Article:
Is there a title? Not yet. “I usually title things late in the piece,” says Ron, “because you don’t know what you’re making until the end.”

I ask about the genesis of the work. Ron tells me he’d had an image of a solitary, contemplative figure at a table in his mind for some time. He started with sketches of the man at the table by himself, but they felt a bit sombre. He wondered what he might put on the table. “The idea of the chicken was as big a surprise to me as to the man at the table. But I knew immediately it was just the right blend of the mundane and the surreal.” He discovered he needed to use dove feathers to get the proportions right for the chicken, a little smaller than life size. After the sketches he made a smaller model, which caught the gist of the relationship between the two figures, their humour undercut by a feeling of profound uncertainty. Who is the model? An old family friend from the Isle of Wight, says Ron. A person who is frequently outraged by things. Things in the modern world. He recently told Ron a story about being outraged that there was nowhere to sit down at a gathering he attended. His figure-in-progress is bald right now, but there’s a full head of white hair coming. And underpants. The freckled skin on his back sags slightly. A mask of his face

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ies by the figure’s feet. It’s slightly macabre. Some hair is attached to this one.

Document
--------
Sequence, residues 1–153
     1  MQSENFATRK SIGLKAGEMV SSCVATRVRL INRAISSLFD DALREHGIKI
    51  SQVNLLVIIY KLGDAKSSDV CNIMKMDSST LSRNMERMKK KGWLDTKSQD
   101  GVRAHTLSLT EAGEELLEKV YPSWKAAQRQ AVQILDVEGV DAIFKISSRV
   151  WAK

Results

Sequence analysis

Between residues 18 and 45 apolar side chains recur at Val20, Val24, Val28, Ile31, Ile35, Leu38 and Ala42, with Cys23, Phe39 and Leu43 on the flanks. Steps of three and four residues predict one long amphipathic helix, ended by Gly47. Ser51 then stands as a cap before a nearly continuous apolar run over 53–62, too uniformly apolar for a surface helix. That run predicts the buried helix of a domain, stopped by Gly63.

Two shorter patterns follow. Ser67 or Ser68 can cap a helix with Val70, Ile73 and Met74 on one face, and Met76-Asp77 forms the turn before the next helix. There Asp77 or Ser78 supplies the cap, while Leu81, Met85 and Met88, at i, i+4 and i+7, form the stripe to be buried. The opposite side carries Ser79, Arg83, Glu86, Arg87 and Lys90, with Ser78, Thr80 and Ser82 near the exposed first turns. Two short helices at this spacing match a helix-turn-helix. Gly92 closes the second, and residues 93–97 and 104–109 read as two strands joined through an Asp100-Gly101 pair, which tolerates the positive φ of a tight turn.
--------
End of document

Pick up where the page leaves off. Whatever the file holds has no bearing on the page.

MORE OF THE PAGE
Ron works slowly. The works take a long time to make, and the ideas develop over time. He comments that he needs to find the idea for a work rather than invent it. It’s a long process.

“I’m very happy,” says Ron, looking straight at the figure, “with the skin. Its translucency.” From the closest inspection, it’s utterly convincing. I’m on my best behaviour, so I don’t reach out and touch the work, but if I were to, I imagine that its lack of warmth would be puzzling.

Ron and Charlie tell me about the table and chair: Ron is sculpting them in order to get the proportions right, which is a challenge, but he hopes that in the end no one will even notice them. The Formica table top, too, which Charlie is hoping to locate, needs to be exactly right: “It’s to do with the patina.” In the car on the way to the studio Charlie told me about the painstaking detail with which things are made, how Ron will spend a day making the specific tool he needs for the smallest job, if such a tool doesn’t already exist. He made something to apply the feathers one by one: they’re laid out in order of size on a piece of cardboard adjacent to the work.